By Mallory Phelan

 Half of the top eight deadliest professions in the United States? Logging, fishing, truck driving, and farming/ranching – ranking 1, 2, 7, and 8 respectively. I love to pore over statistics, but that one from the 2016 Census of Fatal Occupational Injuries by the US Department of Labor is easily my least favorite of them all. 

Have you ever had one of those stories that gets stuck in your throat? For many in agriculture and similar industries, it’s a story that is one of those deadly statistics. That painful story is the human connection to the myriad of statistics we have relating to safety in this industry. Growing up, I remember my dad teaching me how to drive a tractor and to be safe above all else. We were never to be in too big of a hurry to sacrifice our safety. Now working in agriculture, I certainly have heard a fair share of stories – everything from close calls of broken bones to lost limbs to fatal accidents. 

One Saturday evening this spring, news of a farm accident in my hometown knocked the wind out of me. Kirk Burkholder, a friend and fellow participant in Class 2 of REAL Oregon, lost his life in a forklift accident – now a void left in the lives of so many friends and family.

We know that agriculture, forestry, and the transportation to get product to market comes with an element of danger. The very elements and means that make production possible are often the source of the most risk: machinery, animals, asphyxiation, falls, entanglements, electrocution, heatstroke – the list goes on. Moving parts, long hours, time-sensitive and sometimes repetitive work, weather, age, sleep, mental health, and more all play a part in safety on the job. While the danger is clearly present, there are choices to make (often over and over again) when it comes to safety. 

Most people are guilty of unsafe choices like taking a shortcut to get something done or operating machinery on too few hours of sleep, but that doesn’t mean we shouldn’t look to identify areas to improve safety on our operations so everyone makes it home each day. Just because you’ve always done it one way and never had a problem, doesn’t mean that will always be the case. Safety is not where you want to play the odds.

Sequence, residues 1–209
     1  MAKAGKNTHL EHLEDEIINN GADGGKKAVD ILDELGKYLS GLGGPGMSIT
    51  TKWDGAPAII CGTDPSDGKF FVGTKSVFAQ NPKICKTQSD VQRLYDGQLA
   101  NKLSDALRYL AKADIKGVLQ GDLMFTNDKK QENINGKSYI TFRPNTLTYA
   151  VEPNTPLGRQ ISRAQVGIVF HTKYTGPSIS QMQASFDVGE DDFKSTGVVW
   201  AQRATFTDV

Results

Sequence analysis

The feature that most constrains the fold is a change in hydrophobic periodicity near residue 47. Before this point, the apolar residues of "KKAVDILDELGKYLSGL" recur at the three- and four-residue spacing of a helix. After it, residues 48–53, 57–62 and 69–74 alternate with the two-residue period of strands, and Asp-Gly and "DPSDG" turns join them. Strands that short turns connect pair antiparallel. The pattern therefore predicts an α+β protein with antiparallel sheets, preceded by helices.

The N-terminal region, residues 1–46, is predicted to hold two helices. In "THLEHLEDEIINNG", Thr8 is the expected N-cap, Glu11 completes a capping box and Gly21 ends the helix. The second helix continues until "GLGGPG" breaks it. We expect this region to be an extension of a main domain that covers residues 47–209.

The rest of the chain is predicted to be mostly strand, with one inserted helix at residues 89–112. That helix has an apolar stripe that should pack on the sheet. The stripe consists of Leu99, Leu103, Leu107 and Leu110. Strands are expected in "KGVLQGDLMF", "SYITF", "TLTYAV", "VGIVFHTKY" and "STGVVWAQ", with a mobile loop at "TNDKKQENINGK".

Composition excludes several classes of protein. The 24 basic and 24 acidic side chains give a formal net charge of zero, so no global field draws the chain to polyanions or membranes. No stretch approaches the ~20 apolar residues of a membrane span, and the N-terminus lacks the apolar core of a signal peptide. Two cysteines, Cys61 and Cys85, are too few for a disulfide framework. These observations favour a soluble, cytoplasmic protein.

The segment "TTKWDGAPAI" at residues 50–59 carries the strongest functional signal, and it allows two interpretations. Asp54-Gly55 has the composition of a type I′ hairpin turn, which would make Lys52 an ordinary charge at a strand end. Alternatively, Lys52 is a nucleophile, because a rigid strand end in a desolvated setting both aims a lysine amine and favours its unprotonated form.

On your operation, do you spend time on safety improvements like you do planning your crop rotation, fertilizing, planting, spraying, or even budgeting? Creating a culture of safety can not only save your operation from becoming a statistic, but it improves morale and saves money in the long run.

One of the best parts of cultivating a culture of safety on your operation is that it can be rooted in choice. Just like solving the dozens of problems a day on the farm, you can identify safety hazards and choose to focus your energy, time, and resources where it’s most needed. For example, knowing that in 2016, two out of every five workplace deaths were transportation related – a majority of which were farmers and truck drivers – might make you decide to implement the use walkie talkies instead of cell phones for employees moving equipment down a road.

We all wish that stuck-in-your-throat story we know first-hand wasn’t true and unfortunately, these dangers in the natural resource industry work are not news. As harvest ramps up, slows down, and ends, I hope you spend more time than you did last year, last month, and last week choosing to be safe. It’s a choice we all make every time we are out on a farm, ranch, boat, or truck – for ourselves, our families, and those who are no longer with us.